When Roman Abramovich invited him round to dinner after Chelsea's 2-1 win over Arsenal in January 2013, the Spaniard ended up playing indoor football with the Russian's children.
It was one of those days during that crazy period as Stamford Bridge interim manager when everyone suddenly wanted to know him. After Benitez had been chauffeured to Euston, for the journey north to his home that night, a Chelsea fan asking for photographs was one of the same bruisers who had given him dog's abuse at the same station a few weeks earlier.
Evenings chez Ashley seem even more improbable than a Kensington soiree with the Abramovichs, though Benitez is willing to accept that and to take the almighty gamble that St James' Park represents.
You might say that any new club is a breeze after Chelsea, where Benitez's advisers encouraged him to take his own security men for the infamous “flag day” when opposition to him had reached its crescendo. At Real Madrid, Benitez told president Florentino Perez that he should buy the Croatian Mateo Kovacic for €8m, only to be told the club should wait and buy him when he was worth €80m because it would make more of a splash that way. Cristiano Ronaldo could not even pronounce Kovacic's name properly - much to the midfielder's disdain - after Benitez had talked Perez round. Madness.
But Benitez had talent around him at those clubs. This time there is substantially less and the genuine threat of relegation. “Why on God's earth?” is the first, last and only question which springs to mind.
Because of an acute sense that he was too long out of the game - 23 months - when he last repaired from the continent to his Wirral base, following a midwinter dismissal, administered by Internazionale in December 2010. And because of an acute desire to manage a club with size, stature and a huge following which he can allow himself to believe, sooner or later, will enjoy European football.
Those who really know will tell him that Newcastle is such a seething mass of dysfunctionality that their European high ground of 13 years ago is simply unattainable. Yet to have told Benitez on his return from the penury of the Madrid job that Swansea City were managerless and that Southampton, another very well-run club, might be looking for someone like him this summer, would have invited the response that he could not leap from the Bernabeu to such modest surroundings.
The clubs of the stature Benitez is looking for - the Manchester teams, Arsenal, Tottenham, Chelsea and Liverpool - are virtually all closed off to him. There is no certainty that Mauricio Pochettino will leave Tottenham this summer, or that Daniel Levy, the Spurs chairman, would look to Benitez. The Spaniard has received several approaches from China in the past six weeks and had seen Germany as a new possibility, though the shape of the job has always mattered more than security. In that sense, Newcastle is one of very few fits.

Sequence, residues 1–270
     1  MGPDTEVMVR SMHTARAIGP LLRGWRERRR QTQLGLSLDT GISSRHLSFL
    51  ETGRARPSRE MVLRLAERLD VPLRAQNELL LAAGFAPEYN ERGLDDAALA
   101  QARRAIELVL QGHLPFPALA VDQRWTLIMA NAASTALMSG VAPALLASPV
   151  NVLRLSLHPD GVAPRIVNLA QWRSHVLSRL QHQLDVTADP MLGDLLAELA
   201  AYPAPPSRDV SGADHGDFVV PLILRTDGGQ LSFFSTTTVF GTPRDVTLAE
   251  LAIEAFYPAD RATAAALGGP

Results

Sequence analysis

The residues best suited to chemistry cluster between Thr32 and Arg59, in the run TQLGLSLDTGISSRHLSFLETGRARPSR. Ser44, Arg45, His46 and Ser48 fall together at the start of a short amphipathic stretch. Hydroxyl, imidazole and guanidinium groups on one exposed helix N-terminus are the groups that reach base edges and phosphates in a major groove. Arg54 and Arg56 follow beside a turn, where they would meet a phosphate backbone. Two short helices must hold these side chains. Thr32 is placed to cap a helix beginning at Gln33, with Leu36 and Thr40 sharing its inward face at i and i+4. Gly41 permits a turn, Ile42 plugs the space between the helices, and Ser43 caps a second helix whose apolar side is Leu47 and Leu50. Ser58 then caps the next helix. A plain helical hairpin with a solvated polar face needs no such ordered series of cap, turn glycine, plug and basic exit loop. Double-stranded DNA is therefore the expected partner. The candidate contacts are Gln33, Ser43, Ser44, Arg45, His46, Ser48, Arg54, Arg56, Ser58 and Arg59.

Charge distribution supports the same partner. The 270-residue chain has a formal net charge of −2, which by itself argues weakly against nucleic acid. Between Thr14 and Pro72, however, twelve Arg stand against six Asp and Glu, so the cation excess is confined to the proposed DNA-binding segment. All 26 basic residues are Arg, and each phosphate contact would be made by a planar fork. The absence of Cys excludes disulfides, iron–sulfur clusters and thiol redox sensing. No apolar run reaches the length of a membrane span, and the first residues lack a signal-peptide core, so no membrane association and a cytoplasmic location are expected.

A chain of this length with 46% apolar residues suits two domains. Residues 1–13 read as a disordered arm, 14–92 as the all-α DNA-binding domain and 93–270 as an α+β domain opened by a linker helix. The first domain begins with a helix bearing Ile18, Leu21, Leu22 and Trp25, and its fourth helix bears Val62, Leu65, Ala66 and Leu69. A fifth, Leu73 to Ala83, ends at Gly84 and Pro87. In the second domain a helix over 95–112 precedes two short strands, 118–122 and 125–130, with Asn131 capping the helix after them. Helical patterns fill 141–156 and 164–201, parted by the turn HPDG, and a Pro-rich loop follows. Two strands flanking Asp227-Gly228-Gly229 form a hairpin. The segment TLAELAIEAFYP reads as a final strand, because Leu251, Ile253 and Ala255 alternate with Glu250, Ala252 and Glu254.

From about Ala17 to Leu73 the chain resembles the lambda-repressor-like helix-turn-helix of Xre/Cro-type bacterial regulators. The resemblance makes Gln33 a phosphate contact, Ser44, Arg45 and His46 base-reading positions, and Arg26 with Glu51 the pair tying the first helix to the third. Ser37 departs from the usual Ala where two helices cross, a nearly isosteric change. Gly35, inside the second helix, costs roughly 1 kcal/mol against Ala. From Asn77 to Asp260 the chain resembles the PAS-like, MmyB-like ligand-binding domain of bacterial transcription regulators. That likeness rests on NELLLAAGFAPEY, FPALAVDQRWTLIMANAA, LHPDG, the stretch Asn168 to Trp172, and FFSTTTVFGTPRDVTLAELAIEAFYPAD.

Benitez may reckon that he knows about dealing with relegation. He met it at Extremadura in the small western Spanish town of Almendralejo, where he arrived in the summer of 1997, tasked with taking the just-relegated side immediately back up to the Spanish top flight. He displayed far more circumspection about taking that job than this one, and though he did get the club immediately promoted, it did not end well. The second half of the next season - 1998-99 - was better than the first but Extramadura were plunged into a two-leg relegation play-off against Rayo Vallecano. They gave away a penalty and saw their goalkeeper sent off in the first minute of the away leg, lost and plunged back down to the second tier.
The reference to Benitez being “closer to my home and my family” in yesterday's Newcastle statement was significant. His wife, Montse, has always been committed to her full life with their two daughters on the Wirral. Not even Perez's offer to build them a home with a golf course and stables, two of her prime interests, could entice him from Liverpool to Madrid in 2009, when Manchester City were also interested. He will discover in good time that the 190-mile, three-and-a-half hour trip from West Kirby to Tyneside is a slog, but it beats the solitude of hotel life when he managed Napoli - another crazy club.
Now comes the reality of what his predecessors attest is the Godforsaken life inside Mike Ashley's Newcastle, with 10 games to protect himself from a relegation which would substantially damage his reputation as one of Europe's managerial elite. It is his biggest risk in 23 years of management.
Rafa’s recue mission:
(all Premier League)
Monday Leicester (a)
20 Mar Sunderland (h)
2 Apr Norwich (a)
9 Apr Southampton (a)
16 Apr Swansea (h)
23 Apr Liverpool (a)
30 Apr Crystal Palace (h)
7 May Aston Villa (a)
15 May Tottenham (h)
TBA Man City (h) – The Independent
Original source: Benitez is taking a huge gamble